How to run a stepladder exercise with your team
The simple functionality of stepladder brainstorming makes it a viable option for in-person and remote teams alike. Here’s how to run a stepladder brainstorm in five easy steps.
1. Start with the problem
Problem-solving, by definition, requires a problem to get started.
That’s why the first step of the stepladder brainstorming method is explaining the core problem or topic to the larger group. This is akin to writing the problem statement in similar types of brainstorming techniques.
This is the only step in the process when all members of the team will be together in one room until the end.
Make sure you give your team enough time to understand the problem and develop their own ideas and opinions before moving on to the next step. This is vital to ensuring independent thinking.
Related: How to identify the right problems to solve
2. Build the first rung of the ladder
Next, build the first rung of the ladder by asking two members of the group to discuss solutions by themselves. Set aside a few minutes for each discussion.
Pro-tip: Each step of the ladder should take about five or ten minutes to discuss and agree on a decision.
The entire point of the exercise is to protect the integrity of the critical thinking process. So, you’ll want to create a separate space for the first two members of the ladder group to work alone.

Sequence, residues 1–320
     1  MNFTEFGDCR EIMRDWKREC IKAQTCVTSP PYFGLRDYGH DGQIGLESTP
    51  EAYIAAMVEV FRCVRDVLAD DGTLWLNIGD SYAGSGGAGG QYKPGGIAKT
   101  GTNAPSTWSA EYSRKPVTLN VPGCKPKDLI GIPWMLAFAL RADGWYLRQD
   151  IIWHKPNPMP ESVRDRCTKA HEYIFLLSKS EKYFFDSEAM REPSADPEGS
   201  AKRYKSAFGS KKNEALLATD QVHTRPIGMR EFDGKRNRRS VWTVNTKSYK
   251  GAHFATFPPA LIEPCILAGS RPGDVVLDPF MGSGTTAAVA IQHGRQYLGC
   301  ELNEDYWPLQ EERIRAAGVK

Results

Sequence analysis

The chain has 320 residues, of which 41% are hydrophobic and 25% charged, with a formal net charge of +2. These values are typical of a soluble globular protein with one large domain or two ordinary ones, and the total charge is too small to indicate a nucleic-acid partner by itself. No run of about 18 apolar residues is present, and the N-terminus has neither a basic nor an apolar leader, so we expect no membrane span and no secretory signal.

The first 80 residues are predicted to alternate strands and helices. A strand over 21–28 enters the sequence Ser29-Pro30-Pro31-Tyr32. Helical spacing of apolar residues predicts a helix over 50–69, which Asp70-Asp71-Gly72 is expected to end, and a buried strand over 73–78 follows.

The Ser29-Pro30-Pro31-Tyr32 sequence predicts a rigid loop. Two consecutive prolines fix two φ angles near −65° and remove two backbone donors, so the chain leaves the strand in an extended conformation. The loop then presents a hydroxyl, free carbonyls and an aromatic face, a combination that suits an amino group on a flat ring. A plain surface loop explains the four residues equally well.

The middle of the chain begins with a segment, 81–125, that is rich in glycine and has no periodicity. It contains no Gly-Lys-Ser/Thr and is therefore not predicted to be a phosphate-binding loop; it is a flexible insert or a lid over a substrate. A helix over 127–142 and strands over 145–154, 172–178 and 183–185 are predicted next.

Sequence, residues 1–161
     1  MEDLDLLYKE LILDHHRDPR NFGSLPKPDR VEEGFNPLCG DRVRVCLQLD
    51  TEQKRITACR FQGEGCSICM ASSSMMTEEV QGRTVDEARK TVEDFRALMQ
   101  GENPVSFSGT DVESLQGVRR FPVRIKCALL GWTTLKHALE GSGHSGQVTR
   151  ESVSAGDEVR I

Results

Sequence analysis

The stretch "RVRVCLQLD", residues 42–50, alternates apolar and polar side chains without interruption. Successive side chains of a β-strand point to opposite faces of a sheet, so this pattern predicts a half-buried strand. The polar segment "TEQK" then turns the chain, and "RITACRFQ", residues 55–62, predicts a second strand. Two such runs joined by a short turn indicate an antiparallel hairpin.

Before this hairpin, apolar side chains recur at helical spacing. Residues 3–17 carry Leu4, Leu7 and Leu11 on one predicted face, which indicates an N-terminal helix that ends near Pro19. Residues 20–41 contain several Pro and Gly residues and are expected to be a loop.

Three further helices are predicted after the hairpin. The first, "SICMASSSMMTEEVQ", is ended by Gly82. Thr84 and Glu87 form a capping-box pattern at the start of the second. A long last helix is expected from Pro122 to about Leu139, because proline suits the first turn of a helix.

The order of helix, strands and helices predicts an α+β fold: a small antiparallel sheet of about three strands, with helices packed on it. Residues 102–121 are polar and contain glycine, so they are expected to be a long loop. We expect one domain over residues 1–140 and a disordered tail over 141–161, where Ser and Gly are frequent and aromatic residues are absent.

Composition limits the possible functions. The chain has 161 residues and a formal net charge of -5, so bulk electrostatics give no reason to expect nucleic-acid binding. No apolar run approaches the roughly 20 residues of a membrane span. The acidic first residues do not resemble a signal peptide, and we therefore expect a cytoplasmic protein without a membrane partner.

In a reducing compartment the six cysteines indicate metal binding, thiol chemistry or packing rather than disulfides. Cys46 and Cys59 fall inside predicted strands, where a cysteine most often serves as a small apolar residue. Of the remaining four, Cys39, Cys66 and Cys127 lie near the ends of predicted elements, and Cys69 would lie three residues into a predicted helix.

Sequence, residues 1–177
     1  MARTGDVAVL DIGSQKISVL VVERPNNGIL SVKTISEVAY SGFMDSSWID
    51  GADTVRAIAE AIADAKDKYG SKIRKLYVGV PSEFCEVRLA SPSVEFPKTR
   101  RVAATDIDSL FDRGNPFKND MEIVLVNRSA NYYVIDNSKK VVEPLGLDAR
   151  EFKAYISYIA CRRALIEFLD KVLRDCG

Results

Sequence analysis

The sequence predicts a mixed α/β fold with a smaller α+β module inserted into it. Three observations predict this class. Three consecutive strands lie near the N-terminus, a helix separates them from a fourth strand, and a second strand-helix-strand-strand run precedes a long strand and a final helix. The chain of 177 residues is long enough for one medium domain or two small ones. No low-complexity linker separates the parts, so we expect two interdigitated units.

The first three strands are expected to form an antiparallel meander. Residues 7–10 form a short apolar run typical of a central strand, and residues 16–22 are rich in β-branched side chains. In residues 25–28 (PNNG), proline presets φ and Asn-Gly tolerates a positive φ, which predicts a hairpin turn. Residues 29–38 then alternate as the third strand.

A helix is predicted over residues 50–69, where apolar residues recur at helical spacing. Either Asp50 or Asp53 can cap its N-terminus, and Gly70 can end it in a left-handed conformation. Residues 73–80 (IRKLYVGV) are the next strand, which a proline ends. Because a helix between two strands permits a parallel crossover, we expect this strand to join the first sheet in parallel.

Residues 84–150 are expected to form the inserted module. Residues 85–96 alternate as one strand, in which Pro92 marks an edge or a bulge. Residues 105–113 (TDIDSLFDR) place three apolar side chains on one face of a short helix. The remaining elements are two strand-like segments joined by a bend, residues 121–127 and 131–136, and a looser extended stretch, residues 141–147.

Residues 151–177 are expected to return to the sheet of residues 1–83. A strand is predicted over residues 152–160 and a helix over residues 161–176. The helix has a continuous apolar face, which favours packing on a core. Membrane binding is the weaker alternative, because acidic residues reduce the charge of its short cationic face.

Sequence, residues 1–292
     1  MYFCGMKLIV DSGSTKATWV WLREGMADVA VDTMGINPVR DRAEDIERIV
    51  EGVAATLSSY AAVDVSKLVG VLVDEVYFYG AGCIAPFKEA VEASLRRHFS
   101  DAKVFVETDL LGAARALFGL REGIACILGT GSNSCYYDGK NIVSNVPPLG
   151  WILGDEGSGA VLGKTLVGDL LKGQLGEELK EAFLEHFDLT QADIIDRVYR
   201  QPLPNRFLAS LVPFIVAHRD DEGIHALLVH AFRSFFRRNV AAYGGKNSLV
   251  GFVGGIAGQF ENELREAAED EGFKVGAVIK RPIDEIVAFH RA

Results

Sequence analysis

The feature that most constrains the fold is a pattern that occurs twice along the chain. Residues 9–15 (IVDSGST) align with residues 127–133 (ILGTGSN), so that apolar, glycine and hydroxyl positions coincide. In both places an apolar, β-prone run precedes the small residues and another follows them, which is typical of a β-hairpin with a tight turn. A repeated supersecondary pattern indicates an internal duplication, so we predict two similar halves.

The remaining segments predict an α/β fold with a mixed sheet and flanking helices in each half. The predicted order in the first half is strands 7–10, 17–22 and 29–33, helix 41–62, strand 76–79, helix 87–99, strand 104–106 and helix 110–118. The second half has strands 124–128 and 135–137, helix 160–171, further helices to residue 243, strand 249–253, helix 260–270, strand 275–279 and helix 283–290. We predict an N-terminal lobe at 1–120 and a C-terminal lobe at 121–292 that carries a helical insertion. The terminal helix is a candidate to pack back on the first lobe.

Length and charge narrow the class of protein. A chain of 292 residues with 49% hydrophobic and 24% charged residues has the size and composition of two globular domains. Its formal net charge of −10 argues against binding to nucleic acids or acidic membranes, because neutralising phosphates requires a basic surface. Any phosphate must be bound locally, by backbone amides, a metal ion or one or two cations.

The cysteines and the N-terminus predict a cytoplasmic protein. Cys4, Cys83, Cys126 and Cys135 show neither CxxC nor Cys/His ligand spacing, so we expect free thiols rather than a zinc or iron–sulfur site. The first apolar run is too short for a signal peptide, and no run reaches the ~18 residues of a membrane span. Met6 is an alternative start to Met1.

This could mean sending this group to a separate conference space (for in-person teams) or creating a break-out room (for remote teams).
3. Add the next rung
After giving the first two members of the ladder group time to discuss, a third person joins to discuss their views. It’s up to the ladder group to let the next member know when to join the fun.
It’s important for the new member of the group to express their own views before the first two relay what’s already been discussed. This prevents the views of the third person from being influenced by the ladder group.
4. Complete the ladder
Continue sending a new member to the ladder group until everyone has entered the new meeting.
Because each person needs a chance to speak, it’s best to set a reasonable limit of total participants. Somewhere between 4–8 would be the sweet spot.
5. Make a final decision
After all members of the group have had a chance to share, it’s time to come to a decision.
By now, you can rest assured that the views of all members of the group have been heard before reaching a conclusion.
And… boom! You’ve completed your first stepladder brainstorm.
The benefits of the stepladder technique for brainstorming
When teams have the chance to consider a diversity of viewpoints, the best ideas rise to the top — despite the mix of personalities and other factors that can hamper effective group problem-solving.